Officials from the MTA and the unions for Long Island Rail Road workers are continuing to negotiate around the clock via phone and video conferencing before they return to the table to talk face to face at 10 a.m. Thursday. NY1's Jose Martinez filed the following report.
Keep those trains running and those talks going. There's still no deal in the labor standoff between the Metropolitan Transportation Authority and the Long Island Rail Road unions, but they're not done talking yet.
"We're having communications. That brings us closer," said Anthony Simon, general chairman of the United Transportation Union. "Communication in a room brings us closer."
Credit may be due to Governor Andrew Cuomo, who one day after downplaying the impact of a strike, changed course and sternly warned both sides that a walkout on the country's busiest commuter railroad would hold riders hostage. He ordered them back to the table.
"Obviously, we all know the governor of the state of New York tells you to come to the table, you come to the table," Simon said. "But we as the labor leaders never wanted to leave the table."
Talks splintered Monday, putting the LIRR riders from Long Island, Brooklyn, Queens and Manhattan on the brink of the railroad's first strike in 20 years.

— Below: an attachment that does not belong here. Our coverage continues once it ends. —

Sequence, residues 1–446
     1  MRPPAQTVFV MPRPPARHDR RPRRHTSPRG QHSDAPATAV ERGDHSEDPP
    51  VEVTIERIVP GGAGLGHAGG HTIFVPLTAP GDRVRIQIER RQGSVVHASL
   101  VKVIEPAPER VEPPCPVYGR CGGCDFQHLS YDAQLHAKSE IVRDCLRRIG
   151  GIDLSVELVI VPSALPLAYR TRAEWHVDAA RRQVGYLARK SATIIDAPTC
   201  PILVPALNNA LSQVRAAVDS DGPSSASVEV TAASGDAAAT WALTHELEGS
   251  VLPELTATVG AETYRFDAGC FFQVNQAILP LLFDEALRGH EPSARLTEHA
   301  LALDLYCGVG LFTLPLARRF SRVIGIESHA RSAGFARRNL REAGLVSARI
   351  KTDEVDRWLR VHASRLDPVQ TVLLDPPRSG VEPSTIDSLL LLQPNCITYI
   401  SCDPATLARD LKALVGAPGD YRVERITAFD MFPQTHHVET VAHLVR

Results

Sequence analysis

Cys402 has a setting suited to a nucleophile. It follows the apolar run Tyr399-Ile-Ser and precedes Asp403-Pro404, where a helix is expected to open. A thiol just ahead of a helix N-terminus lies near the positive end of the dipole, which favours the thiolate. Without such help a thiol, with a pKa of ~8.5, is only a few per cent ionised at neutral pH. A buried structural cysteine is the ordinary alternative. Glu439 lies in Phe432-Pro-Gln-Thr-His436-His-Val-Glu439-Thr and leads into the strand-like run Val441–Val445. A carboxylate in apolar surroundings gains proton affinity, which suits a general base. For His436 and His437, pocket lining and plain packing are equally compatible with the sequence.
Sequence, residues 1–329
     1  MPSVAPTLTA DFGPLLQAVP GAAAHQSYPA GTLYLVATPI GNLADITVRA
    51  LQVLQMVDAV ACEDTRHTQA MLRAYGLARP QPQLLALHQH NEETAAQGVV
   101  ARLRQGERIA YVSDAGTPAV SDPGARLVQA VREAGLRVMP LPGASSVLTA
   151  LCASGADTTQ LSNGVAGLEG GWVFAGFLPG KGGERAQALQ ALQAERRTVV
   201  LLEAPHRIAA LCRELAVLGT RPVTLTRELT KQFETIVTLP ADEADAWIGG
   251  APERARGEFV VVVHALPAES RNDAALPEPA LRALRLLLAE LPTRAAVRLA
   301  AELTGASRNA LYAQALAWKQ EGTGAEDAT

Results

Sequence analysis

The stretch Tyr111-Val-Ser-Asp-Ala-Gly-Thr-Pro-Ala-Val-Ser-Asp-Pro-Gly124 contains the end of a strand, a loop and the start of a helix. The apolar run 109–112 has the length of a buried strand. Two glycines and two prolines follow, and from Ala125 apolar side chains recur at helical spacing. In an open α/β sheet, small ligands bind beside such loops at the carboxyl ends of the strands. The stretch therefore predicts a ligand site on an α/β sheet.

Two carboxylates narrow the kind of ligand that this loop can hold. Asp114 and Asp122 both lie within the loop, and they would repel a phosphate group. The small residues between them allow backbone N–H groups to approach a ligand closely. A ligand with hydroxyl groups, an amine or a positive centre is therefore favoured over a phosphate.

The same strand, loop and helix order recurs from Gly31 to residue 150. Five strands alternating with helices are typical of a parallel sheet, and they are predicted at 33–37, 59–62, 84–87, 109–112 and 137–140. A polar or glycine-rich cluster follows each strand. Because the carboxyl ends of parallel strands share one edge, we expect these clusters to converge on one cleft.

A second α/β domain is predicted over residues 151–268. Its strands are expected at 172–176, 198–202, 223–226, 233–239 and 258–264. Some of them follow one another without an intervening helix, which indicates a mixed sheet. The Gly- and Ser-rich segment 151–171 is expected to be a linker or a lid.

"If the LIRR went down, it would really be a difficult situation, 130,000 commuters, and the MTA and LIRR unions both would have failed in my opinion if it came to that," Cuomo said.
Now, there may be some hope as the 12:01 a.m. Sunday strike deadline looms.
The two sides have been at odds over the MTA's most recent contract offer, one which offered workers 17 percent pay raises across seven years while having them contribute to health care costs for the first time.
On Monday, the unions made a counter just before talks fell apart.
"I'm not going to get into any details, who presented what, who was talking for how long," Lisberg said.
While MTA Chairman and CEO Thomas Prendergast stepped out of the talks at the halfway point on Thursday, his spokesman said it's only because he's got to get back to his other duties.
"The unions have said that they don't expect the chairman of the MTA to be at the table the whole time. Tom appreciates that," Lisberg said. "Whenever his presence will be helpful, he'll be here."
That could come as soon as Thursday morning, when the two sides resume talks with the threat of a strike drawing ever closer.